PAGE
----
Former Haitian president Jean-Bertrand Aristide, Haiti’s last elected president, has finally returned home.
He was kidnapped from Haiti in a US-backed coup in 2004 and exiled in South Africa until his March 18 return.
Aristide returned to a country still devastated by last year’s earthquake. The US and its allies broke their promises to provide badly needed aid.
Two months earlier, Jean-Claude “Baby Doc” Duvalier, the notorious former dictator overthrown in a mass rebellion in 1986, also returned to Haiti.
Aristide arrived just ahead of the March 20 run-off election for Haiti’s president, which the US hoped would ratify its plans to subjugate the country to Washington’s neoliberal agenda.
Aristide's party, the pro-poor Fanmi Lavalas, was banned from running in the poll.
Kim Ives, a journalist and editor with Haiti Liberte, returned to Haiti ahead of Aristide’s arrival. He provided this live report from Port-au-Prince via phone on March 19. It is abridged from www.socialistWorker.org .
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I am standing near a tent camp here in Port-au-Prince. About 1500 internally displaced people have been living here since just after the earthquake.
This place is a poster child for Haitian poverty and misery. The people here find minimal shelter under tattered tarps and tents, near a cesspool which floods anytime it rains, sending waste and foul water into people’s tents.
It’s a breeding ground for mosquitoes. It’s filled with garbage and stinks to high heaven.
The tent camp is sandwiched between an assembly factory where some of the residents of this camp work and a food relief operation. That relief operation doesn’t provide enough food. The camp’s residents are practically starving.
This is a microcosm of Haiti — a completely impoverished working class sandwiched between NGOs and sweatshops. The NGOs provide less than minimal nutrition to them.
In fact, the Red Cross, which has been providing water to this camp, is set to cut it off next week.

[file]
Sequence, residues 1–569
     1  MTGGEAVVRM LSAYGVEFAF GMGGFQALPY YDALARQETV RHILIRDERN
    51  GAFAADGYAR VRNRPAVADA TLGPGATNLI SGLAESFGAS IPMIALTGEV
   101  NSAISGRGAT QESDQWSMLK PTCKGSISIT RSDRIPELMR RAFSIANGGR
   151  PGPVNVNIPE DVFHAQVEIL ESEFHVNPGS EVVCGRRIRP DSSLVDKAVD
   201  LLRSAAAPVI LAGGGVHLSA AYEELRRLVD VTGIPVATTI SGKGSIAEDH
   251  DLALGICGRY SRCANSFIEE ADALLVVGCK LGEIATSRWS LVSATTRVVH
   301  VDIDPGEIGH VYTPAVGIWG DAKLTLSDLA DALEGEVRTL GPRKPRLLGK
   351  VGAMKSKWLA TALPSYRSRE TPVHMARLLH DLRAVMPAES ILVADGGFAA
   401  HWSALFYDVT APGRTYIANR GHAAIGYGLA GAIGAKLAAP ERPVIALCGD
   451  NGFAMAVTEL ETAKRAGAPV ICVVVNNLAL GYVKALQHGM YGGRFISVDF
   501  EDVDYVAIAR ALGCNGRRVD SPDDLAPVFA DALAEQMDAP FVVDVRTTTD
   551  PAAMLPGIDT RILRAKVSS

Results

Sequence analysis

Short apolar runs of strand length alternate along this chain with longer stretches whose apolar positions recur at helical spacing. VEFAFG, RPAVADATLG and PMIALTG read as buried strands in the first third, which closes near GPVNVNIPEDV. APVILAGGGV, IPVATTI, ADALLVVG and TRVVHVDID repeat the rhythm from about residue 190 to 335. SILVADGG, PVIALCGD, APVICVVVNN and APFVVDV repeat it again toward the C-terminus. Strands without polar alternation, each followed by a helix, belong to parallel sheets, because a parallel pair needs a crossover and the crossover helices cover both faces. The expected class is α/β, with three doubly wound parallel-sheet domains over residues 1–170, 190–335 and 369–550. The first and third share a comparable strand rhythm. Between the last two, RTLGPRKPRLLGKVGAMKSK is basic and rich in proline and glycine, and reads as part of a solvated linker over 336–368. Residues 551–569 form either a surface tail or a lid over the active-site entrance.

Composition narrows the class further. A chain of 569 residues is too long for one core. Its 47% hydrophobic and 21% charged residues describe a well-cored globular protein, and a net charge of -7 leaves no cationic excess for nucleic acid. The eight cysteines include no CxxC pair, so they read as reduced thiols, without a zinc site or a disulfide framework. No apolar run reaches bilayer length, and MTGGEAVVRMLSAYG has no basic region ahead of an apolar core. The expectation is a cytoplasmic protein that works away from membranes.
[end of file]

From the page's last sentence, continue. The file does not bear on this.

The sweatshops take advantage of this misery. People consider it a privilege to accept a wage of US$1 or $2 a day in an attempt to hold on to a precarious existence.
A 14,000-strong United Nations military occupation polices this tinderbox and enforces Washington's dictates.
This is the context in which the legitimate president Jean-Bertrand Aristide arrived on March 18.
The reception was absolutely extraordinary. A wall of humanity poured down out of the streets and slums and stormed out of the city toward the airport.
When Aristide’s plane landed, Radio Tele Ginen was the only television station that showed up. All of the press boycotted the arrival, even though everybody knew he was returning. Most of the radio owned by the capitalists was not on hand.
The international press was there in force, though, and it was a frantic scramble. After Aristide arrived, he gave a speech. It was, I would say, better than many had hoped, because he spoke clearly and what he said was like a match to a fuse.
He said: “Exclusion is the problem, inclusion is the solution.”
He was talking not just about the political exclusion of his party Fanmi Lavalas from the elections. He also meant social exclusion.
He meant the fact that the people, living in this camp, living in the slums around here, working and living and in many cases dying because of the poor conditions are excluded from the riches that exist in this country.
He did not only mean the agricultural richness that Haiti once produced in rice, sugar, coffee and other crops. He also meant the exclusion from benefiting from the mineral wealth that is being discovered here.
He spoke about the exclusion from newly found uranium, oil, gold, silver, marble, calcium carbonate and other resources. Those are some of the interests that drive the rampaging foreign corporations, which are trying to seize control of the state apparatus through the election.
When Aristide arrived, the people were waiting outside the gates of the airport. Aristide descended into a pool of press. And on leaving the airport, he descended into an ocean of people.
It was quite extraordinary. It was beyond joyous — I would almost call it rapturous.
Margaret Prescott of Women’s Strike for Peace called it a “tsunami of love”.
People jogged alongside Aristide’s motorcade as it brought him back to his home in Tabarre, about two or three miles from the airport.
When we arrived at his home, the plan, I think, was that the motorcade would enter, and the people would stay outside.
But that’s not what happened. An ocean of people surged into the compound.
The Aristides are living there, but they don’t have electricity, internet, telephones or water. They’re camping out in the shell of their former home, which was torn apart by the rebels that came, looted and broke whatever they could back in 2004.